- Andrew Kos
- Bill Burlein
- Bryan Williams
- Christian Vozar
- Jeff Brown
- John Kraus
- Joseph Mak
- Josh Durbin
- Mark Daugherty
- Matt Van Bergen
- Melissa Geoffrion
- Michael Kang
- Michael Chan
- Michael Hodgdon
- Mike Motherway
- Molly McDaniel
- Nadia Maciulis
- Pat McLoughlin
- Paul Michelotti
- Puru Hemnani
- Rohit Srinath
- Ryan Lunka
- Tom Kelly
Maximizing the Value of Your WCM Implementation
Friday, September 14, 2012
“Give a man a fish and you feed him for a day. Teach a man to fish and you feed him for a lifetime.” Everyone on the planet has heard this Chinese proverb in some form. I believe it to be the fundamental philosophy behind the concept of a web content management system. WCM is about empowerment. It’s about enabling the experts in communication to optimize how they use the web as a platform for that communication. It’s about getting the technology out of their way without taking it away. It’s about enabling (buzzword alert) communication agility.
Enterprise technology typically does not align with this philosophy. There are politics. There are barriers. There are long-held traditions, whether intended or not. All of these diminish the value of the WCM, because they affect the implementation in such a way that it becomes just like any other platform. Traditional enterprise mentality says, “Here is what we want. Build it.” I’m not about to open the Costco-sized can of “agile vs. waterfall” worms, but I wholeheartedly believe that design-then-build processes do not allow organizations to maximize the value of their technology. Yet, it’s unfortunately embedded into so many cultures that it continues to affect new technology implementations from day one. WCM implementations fall victim to it the second the CIO says the words, “We need a new website.”
The problem with those five simple words is that from day one, you’ve established that the philosophy is to buy a fish. It may be a bigger, prettier fish, but it is still just one fish. To really select the best-aligned WCM and then to unlock maximum value, the first words should be, “We need a new platform for communication.” It’s a subtle difference, but a fundamentally important one. The former will eventually equate to requirements about what it looks like and what it does, so that someone can build it. The latter should equate to a list of required tools that allow the communication/marketing team (who are usually not programmers) to manage their digital presence. Someone can build those tools and the marketer can build the site.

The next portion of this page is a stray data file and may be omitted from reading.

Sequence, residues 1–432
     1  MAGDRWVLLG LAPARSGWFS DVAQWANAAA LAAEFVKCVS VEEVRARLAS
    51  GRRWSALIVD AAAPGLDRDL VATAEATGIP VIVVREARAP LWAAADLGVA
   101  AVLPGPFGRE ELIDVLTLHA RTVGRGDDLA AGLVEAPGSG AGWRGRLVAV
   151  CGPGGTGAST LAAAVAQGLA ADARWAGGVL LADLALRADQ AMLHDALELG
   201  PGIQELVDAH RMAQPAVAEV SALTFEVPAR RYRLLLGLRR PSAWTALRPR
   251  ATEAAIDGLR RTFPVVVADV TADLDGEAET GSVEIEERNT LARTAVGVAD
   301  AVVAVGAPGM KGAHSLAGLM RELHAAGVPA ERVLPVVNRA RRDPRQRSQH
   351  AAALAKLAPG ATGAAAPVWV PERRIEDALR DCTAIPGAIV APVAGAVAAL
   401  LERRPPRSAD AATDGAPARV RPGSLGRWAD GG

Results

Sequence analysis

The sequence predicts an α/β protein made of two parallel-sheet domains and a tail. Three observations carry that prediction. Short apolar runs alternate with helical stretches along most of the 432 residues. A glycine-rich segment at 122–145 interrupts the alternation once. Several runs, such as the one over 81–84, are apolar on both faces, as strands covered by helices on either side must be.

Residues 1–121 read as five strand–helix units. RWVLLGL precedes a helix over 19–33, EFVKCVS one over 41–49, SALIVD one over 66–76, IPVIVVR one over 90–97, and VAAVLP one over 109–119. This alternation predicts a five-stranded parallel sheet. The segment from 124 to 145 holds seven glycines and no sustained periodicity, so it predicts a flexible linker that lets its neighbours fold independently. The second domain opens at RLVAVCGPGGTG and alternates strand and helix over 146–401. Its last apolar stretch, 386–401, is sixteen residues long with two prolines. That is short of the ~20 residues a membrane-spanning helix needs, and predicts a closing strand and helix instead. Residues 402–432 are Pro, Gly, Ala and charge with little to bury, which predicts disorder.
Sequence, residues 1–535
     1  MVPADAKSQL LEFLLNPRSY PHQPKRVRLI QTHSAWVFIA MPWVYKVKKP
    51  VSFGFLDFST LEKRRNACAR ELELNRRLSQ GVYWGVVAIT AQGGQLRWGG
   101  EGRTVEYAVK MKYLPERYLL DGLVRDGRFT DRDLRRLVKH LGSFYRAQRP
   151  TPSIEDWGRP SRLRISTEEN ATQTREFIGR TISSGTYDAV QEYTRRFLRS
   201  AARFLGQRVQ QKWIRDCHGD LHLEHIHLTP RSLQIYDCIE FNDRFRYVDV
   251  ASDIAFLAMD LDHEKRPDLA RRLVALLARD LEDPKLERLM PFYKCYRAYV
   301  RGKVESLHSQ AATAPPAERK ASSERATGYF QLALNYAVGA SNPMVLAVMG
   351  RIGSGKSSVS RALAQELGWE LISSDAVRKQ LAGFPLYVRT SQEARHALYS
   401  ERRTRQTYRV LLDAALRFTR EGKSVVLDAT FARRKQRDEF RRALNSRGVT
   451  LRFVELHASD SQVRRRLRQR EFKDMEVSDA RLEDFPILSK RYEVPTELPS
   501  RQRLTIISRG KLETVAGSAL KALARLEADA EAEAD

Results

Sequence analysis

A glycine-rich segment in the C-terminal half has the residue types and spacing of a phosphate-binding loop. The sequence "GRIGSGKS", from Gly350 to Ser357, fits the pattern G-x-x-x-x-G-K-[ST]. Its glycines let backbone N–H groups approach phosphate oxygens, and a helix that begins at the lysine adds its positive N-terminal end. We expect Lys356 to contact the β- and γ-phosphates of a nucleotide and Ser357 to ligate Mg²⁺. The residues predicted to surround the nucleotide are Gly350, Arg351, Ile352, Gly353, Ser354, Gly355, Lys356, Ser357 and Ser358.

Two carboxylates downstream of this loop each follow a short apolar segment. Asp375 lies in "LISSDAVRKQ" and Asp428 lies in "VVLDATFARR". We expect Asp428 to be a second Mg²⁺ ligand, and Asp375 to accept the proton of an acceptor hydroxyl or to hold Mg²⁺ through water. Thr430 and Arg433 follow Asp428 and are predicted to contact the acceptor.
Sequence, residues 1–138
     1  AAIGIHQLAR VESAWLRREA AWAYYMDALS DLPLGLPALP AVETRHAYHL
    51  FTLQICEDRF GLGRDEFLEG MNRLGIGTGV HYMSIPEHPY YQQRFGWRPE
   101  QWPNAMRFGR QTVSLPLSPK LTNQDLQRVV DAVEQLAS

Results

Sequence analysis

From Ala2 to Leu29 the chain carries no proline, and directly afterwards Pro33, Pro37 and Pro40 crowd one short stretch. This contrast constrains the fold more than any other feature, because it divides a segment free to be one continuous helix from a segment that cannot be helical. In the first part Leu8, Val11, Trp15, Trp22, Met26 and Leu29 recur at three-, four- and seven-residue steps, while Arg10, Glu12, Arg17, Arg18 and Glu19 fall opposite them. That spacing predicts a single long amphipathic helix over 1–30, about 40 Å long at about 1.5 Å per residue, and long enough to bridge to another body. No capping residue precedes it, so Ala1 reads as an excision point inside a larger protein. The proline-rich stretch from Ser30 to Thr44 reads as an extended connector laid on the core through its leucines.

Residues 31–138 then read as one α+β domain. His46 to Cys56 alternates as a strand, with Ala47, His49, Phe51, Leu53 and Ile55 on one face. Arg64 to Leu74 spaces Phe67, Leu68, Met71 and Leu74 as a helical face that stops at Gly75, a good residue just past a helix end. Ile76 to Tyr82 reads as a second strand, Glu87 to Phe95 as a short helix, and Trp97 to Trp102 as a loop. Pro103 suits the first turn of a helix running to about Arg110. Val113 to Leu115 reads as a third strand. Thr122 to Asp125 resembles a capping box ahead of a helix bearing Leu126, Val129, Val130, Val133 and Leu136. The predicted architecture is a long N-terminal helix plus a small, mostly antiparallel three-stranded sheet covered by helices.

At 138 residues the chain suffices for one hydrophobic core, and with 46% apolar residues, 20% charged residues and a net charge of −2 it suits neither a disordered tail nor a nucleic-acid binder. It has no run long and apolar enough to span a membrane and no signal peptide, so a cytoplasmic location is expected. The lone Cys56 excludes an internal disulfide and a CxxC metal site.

You will still have mockups of your site. You will still have information architecture. Branding and styling are still important. The key difference is how to discuss the value of these requirements. Viewing them holistically (the website), though necessary, is not enough. When the requirements are viewed as componentized tools, then you are zooming in on the micro-value that each of those tools provides. Then collectively they provide the holistic, macro-value of your website. A website on a WCM should be the collective stacking (by non-programmers) of a set of building blocks. This is what enables the agility that really empowers the communicators to do their jobs well.
As an implementer of WCMs, I consider a successful implementation one that puts me out of a job. If I’ve done my job correctly, you will not need me to manage your digital presence – assuming you don’t come up with new tools you want. The goal is to build a framework in which the marketer has the freedom to do as they choose, but also the boundaries to remain inside the branding and architecture. I’ve heard folks at Adobe use the phrase “build freedom within a framework.” I love it. The bonus for me is that my job then shifts to discussions about building cooler, newer tools and unlocking even more value. Our time and money can be spent coming up with creative new ways to manage the digital presence, instead of managing maintenance and cleanup or worse, using development effort to update content.
I don’t mean to be “pie in the sky” about this, and I’ll be the first to tell you that this fundamental shift in philosophy is difficult. It requires a different kind of thought abstraction and it requires working through frictions that were started long before I walked the earth. To me, it’s an ideal for which to strive – one to evolve towards. It’s what makes me encourage clients to get the WCM experts involved from day one of conception, not day one of development (shameless plug for CITYTECH). Too many organizations spend millions of dollars on incredible WCMs to simply plop what they were already doing on top of it. Even worse, many implementations are abandoned. Subtle shifts in values and messaging during the conception of a WCM implementation could reap huge benefits. Buy a pole for your marketers and let them fish. Your digital presence will be better for it.
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